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  • 30 Июня 2017
    EURIKA Competition Winners Announced
    On June 14, members of the EURIKA expert jury reviewed 9 applications and identified three winners of the competition, including two projects of the I. Kant Baltic Federal University

    On June 14, members of the EURIKA expert jury reviewed 9 applications and identified three winners of the competition, including two projects of the I. Kant Baltic Federal University. EURIKA is a regional competition of research works in the field of technology and innovation. Two projects submitted by the Immanuel Kant Baltic Federal University are among the winners: Hybrid Neural Interface (Dr Maxim Patrushev and Dr Natalia Shusharina, the Institute of Living Systems, IKBFU) and Nanophotonic standing wave generators for molecular biology (Dr Olga Dikaya and Dr Ksenia Maximova, Functional Nanomaterials Research Centre).
    Hybrid Neural Interface project is aimed at creating a hybrid neurointerface that would enable the transmission of brain signals to mechanical structures. The neural interface consists of two major elements:

    1. portable wireless telemetry unit that registers electrophysiological parameters (electroencephalogram, electromyogram, and electrooculogram) and biometric parameters (motor activity, surface temperature, and photoplethysmogram);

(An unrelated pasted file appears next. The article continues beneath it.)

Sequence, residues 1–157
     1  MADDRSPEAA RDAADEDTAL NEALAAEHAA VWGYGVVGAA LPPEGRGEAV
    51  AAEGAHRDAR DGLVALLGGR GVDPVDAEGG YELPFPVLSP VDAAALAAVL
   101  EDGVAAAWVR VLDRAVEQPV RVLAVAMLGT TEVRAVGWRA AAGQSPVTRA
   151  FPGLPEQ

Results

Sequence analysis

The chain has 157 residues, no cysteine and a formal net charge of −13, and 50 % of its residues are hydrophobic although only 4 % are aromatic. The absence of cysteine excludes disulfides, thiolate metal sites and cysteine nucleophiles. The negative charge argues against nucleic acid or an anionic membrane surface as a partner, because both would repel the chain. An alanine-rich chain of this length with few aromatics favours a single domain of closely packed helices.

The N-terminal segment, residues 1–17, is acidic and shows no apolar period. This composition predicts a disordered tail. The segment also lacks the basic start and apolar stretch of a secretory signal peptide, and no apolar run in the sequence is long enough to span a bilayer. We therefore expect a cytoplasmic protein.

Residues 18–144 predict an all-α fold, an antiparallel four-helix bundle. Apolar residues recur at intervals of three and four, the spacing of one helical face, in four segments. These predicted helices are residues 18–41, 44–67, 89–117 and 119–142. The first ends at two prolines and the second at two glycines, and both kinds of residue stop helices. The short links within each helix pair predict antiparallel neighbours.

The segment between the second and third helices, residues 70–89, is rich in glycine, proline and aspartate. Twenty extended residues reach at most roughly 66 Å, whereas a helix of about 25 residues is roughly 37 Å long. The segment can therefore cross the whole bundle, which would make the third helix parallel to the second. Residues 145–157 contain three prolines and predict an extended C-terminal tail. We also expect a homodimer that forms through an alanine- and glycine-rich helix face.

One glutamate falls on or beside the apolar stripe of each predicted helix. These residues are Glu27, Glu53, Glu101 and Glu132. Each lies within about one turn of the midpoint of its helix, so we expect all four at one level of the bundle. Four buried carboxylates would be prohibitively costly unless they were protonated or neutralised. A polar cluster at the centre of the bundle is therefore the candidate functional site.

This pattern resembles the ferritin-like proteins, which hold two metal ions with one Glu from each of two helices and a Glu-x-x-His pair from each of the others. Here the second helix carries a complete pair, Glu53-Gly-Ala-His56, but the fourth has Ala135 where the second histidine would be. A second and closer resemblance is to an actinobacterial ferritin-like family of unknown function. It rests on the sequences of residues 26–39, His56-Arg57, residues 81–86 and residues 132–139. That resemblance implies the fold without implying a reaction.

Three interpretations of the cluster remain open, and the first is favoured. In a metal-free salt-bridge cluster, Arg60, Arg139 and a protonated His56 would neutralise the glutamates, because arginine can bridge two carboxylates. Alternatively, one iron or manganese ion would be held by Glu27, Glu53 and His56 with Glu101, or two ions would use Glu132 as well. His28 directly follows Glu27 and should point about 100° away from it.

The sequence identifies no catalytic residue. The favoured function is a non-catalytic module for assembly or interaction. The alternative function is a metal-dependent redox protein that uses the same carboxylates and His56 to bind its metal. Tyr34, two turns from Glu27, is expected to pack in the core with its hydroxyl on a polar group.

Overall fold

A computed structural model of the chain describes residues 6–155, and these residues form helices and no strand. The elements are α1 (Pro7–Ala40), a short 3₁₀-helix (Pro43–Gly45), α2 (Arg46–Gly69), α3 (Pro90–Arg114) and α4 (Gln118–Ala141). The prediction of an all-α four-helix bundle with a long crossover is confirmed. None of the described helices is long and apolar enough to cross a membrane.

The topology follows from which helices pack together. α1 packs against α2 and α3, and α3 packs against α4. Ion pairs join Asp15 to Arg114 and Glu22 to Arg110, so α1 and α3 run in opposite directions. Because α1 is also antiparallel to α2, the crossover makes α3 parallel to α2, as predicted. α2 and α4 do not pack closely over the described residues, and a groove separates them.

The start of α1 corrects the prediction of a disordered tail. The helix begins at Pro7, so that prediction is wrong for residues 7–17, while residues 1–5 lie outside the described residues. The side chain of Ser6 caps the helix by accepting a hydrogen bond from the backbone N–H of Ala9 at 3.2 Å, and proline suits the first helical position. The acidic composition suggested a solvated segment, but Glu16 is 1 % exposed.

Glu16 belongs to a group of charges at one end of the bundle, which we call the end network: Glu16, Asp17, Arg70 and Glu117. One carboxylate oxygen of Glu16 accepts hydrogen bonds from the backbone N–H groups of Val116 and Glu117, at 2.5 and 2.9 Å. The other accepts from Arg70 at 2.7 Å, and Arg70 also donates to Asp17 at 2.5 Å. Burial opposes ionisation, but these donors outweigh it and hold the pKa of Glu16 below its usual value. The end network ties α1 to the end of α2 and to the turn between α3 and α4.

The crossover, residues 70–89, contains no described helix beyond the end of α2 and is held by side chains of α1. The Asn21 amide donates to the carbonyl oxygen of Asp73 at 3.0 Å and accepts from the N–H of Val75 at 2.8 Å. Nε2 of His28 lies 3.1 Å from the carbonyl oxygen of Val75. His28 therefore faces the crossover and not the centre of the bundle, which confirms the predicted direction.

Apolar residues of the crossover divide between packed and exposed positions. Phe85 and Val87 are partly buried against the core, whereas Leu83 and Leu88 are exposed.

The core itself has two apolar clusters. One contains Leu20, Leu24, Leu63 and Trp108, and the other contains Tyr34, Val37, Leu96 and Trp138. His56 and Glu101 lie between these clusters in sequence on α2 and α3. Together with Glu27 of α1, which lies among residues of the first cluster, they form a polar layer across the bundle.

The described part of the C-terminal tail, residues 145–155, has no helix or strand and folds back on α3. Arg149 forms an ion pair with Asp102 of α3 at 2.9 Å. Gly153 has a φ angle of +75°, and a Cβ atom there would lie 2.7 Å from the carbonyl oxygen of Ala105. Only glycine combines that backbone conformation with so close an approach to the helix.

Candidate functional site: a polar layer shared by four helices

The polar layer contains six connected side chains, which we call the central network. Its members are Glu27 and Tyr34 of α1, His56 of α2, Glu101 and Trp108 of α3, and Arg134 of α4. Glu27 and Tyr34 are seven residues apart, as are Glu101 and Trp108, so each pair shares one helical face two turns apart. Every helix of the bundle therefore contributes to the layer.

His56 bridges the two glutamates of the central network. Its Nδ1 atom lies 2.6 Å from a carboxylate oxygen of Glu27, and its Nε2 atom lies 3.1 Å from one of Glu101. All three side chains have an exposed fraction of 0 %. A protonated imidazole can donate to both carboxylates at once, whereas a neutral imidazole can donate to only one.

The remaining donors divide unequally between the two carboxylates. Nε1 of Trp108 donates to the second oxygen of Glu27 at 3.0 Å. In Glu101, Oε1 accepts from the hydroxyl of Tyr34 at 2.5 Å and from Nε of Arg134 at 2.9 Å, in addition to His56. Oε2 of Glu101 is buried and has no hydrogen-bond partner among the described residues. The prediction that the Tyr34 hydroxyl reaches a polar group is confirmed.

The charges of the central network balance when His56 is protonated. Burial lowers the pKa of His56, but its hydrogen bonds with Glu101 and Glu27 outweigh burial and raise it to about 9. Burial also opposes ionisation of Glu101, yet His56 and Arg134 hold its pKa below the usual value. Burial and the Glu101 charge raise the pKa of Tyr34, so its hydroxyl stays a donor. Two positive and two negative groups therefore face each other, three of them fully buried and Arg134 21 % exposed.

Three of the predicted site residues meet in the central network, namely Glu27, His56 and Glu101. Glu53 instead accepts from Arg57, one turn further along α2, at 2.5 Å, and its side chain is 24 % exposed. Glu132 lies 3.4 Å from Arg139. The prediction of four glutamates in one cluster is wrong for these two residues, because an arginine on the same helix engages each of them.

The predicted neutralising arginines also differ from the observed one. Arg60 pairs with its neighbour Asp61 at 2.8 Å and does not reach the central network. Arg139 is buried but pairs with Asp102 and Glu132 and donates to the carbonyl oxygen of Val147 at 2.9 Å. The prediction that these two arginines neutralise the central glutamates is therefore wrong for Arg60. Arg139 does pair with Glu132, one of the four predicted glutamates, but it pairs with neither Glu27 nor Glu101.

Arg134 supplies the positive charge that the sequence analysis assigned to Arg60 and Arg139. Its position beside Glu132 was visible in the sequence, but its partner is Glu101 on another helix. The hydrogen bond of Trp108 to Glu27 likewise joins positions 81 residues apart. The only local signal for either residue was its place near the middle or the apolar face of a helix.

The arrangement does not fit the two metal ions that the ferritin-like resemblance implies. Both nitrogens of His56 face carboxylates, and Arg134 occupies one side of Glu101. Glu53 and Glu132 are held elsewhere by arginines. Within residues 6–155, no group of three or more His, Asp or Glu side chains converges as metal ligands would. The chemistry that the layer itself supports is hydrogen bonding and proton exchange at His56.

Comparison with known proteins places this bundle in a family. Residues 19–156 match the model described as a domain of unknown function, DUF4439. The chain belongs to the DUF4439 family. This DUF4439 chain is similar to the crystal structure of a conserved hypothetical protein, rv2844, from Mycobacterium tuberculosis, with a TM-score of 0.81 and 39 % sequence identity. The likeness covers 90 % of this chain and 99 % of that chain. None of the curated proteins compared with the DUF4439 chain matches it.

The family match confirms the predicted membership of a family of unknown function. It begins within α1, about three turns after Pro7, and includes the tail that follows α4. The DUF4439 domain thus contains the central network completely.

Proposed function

2. special software for processing data received from the interface in order to create a brain-computer interface for controlling external mechanical devices.
    Максим Патрушев и Наталья Шушарина
    Ксения Максимова и Ольга Дикая

    Dr Natalia Shusharina:
    Unfortunately, there is only one type of equipment able to help people with spinal cord injuries or other severe impairments in Russia and the CIS - the wheelchair…Exoskeletons are an effective way of rehabilitating such patients; the brain-computer interface is a more convenient and effective method of transmitting commands to the mechanical part of the skeleton in comparison with other existing analogues.
    In Russia, similar technological solutions are only now being developed, while abroad there is already a separate segment of the market for brain-controlled exoskeletons. However, decoding brain signals received from the neural device for controlling external electronic-mechanical actuators is still a problem and are only now being introduced as part of the general concept of patient rehabilitation using exoskeletons.